Rural municipalities feel the pinch as oil and gas companies skip out on tax payments
SARM estimates municipalities have lost millions in unpaid taxes
Rural municipalities and counties are grappling with the loss of potentially millions of dollars in unpaid taxes from struggling oil and gas companies, according the the Saskatchewan Association of Rural Municipalities (SARM).
"We know it most likely has a lot to do with the industry right now, with the oil prices in particular," said Ray Orb, president for the association.
Oil and gas companies that walk away from wells that are no longer lucrative sometimes leave rural municipalities short of expected revenues.
"The RM is saddled with the responsibility of holding the bag for taxes and no one to pass it onto. Unfortunately, ratepayers in that rural municipality have to make up the difference at some point for delinquencies," Orb explained.
He said at this point, he didn't have a firm estimate of how many municipalities were dealing with tax arrears or how much money was outstanding, but he said it was very likely an amount in the millions, varying from year-to-year.
SARM appeals to province
Municipalities had raised tax delinquencies as an issue at SARM's annual convention. The association wrote to the province, asking for legislative rights that would allow municipalities to get preferential rights for payment on oil and gas properties in the case of bankruptcy.
The province's Ministry of Government Relations responded to SARM, noting issues of bankruptcy and insolvency fall under the federal government's jurisdiction and provincial legislation would not affect the laws surrounding oil and gas companies that go bankrupt.
The ministry suggested municipalities could try other options, including starting the collections process more quickly when companies start sliding into arrears, making a claim through the Small Claims court, or sending out a distress warrant to recover the cost of tax arrears.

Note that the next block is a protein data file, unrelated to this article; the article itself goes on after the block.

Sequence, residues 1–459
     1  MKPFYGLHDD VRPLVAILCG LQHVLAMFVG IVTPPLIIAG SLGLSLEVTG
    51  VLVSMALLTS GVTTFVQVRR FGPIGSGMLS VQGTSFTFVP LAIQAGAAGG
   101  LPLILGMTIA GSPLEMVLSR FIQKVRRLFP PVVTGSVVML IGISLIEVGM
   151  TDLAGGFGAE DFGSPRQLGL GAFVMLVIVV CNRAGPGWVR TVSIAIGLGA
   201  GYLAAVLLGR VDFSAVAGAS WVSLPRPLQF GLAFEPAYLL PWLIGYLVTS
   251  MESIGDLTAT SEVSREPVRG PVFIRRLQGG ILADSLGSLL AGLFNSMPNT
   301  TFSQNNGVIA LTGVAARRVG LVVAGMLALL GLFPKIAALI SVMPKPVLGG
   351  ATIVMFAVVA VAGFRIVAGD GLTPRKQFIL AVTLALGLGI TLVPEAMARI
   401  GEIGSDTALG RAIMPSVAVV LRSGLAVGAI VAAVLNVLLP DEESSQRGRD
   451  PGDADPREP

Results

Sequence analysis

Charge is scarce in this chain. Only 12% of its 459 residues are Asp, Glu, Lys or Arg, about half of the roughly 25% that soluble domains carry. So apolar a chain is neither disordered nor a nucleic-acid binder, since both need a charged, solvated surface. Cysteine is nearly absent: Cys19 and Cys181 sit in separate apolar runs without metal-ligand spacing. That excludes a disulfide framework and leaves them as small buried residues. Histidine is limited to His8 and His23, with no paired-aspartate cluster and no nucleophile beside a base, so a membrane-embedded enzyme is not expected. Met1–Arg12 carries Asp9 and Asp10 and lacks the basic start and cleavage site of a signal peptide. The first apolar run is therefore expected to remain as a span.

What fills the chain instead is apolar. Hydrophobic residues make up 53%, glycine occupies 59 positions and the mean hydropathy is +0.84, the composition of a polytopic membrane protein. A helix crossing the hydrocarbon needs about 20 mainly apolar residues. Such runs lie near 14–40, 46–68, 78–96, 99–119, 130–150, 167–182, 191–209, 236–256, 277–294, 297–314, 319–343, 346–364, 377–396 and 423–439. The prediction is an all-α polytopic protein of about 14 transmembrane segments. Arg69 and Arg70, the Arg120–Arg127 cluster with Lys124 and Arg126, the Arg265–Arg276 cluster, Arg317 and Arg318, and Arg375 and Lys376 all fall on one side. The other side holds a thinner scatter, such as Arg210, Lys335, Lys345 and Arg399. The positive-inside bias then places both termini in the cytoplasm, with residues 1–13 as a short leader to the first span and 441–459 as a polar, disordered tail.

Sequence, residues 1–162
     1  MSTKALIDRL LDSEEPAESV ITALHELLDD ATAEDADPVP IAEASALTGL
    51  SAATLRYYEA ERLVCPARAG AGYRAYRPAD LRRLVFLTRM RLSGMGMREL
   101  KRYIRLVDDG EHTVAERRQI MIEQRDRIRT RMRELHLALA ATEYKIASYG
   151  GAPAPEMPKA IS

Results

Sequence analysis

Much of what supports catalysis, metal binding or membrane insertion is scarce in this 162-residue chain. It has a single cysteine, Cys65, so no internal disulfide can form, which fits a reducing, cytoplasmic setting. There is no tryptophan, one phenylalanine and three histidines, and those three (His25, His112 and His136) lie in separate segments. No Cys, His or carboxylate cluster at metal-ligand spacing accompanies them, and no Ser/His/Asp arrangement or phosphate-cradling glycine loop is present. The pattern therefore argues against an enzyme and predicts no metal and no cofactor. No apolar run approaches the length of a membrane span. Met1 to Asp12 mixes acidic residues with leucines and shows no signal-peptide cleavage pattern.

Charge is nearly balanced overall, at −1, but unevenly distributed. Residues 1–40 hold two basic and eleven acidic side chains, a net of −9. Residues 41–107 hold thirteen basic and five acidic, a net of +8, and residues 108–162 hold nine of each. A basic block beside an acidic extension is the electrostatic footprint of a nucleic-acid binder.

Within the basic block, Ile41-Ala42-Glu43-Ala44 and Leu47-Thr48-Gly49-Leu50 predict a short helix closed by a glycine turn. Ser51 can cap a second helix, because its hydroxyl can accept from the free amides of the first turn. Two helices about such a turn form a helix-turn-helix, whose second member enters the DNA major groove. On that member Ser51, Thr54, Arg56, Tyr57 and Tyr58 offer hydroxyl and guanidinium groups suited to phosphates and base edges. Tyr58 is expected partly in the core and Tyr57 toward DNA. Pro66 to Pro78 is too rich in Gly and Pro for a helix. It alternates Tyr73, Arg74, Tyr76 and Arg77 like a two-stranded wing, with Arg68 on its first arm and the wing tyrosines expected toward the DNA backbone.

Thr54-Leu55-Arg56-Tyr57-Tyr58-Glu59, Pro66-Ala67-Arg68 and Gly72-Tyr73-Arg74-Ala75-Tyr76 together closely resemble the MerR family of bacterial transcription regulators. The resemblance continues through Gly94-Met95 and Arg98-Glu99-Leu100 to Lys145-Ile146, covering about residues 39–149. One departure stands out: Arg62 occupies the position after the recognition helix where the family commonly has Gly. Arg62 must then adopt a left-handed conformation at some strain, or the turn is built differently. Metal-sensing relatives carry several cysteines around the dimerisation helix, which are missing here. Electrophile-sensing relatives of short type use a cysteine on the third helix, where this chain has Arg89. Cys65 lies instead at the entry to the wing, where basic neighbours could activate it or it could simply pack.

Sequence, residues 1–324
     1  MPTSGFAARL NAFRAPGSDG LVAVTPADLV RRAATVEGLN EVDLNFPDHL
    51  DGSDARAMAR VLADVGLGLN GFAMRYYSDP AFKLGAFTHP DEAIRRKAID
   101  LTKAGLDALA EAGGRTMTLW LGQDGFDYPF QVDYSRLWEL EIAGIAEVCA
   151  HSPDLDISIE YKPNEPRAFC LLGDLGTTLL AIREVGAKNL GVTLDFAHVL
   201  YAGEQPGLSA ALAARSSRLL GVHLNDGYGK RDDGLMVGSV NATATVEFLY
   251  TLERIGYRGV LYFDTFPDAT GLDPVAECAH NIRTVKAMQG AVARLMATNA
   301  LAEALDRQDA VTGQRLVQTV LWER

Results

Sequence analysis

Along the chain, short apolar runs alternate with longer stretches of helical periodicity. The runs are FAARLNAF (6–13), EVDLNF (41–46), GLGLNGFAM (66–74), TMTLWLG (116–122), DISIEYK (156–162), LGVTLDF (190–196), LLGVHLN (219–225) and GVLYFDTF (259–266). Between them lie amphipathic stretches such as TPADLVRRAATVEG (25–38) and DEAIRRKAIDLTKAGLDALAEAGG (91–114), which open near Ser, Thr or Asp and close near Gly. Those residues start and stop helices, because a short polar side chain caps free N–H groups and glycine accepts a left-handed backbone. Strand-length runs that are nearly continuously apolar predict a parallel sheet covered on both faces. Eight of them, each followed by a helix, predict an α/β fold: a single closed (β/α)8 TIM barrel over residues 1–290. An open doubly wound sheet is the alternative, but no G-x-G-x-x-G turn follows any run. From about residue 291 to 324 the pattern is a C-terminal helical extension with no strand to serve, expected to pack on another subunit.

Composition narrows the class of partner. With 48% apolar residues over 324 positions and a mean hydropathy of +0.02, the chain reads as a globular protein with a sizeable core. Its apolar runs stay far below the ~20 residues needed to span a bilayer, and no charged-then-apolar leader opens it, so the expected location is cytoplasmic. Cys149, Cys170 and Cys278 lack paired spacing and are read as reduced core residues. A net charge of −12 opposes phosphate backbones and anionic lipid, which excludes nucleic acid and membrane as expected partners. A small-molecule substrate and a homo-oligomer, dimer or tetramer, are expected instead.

Jean-Thomas Bernard, a University of Ottawa professor of economics, said high oil prices from 2010 to 2014 were exceptional.
"The oil price, except for this golden period, is usually unstable. So some companies go bankrupt on a fairly regular [basis]," he said.
Bernard pointed to one difference between Alberta and Saskatchewan in dealing with this issue. Last year, Alberta introduced a tax credit for rural Alberta counties and municipalities that can't collect education property taxes on abandoned oil and gas properties.
"There's no such program in Saskatchewan. Right now, it is the municipality that are responsible to pay the bill," he said, adding the burden ultimately falls on other taxpayers and citizens.
Orb said there's one other area the province could play a part, which involves stepping in with money to fix up abandoned well sites.
"We need a substantial amount of money for a fund, so RMs can draw from that if companies do walk away, and RMS are faced with cleaning up the site," he said, adding he hoped to see SARM make progress on these issues in the new year.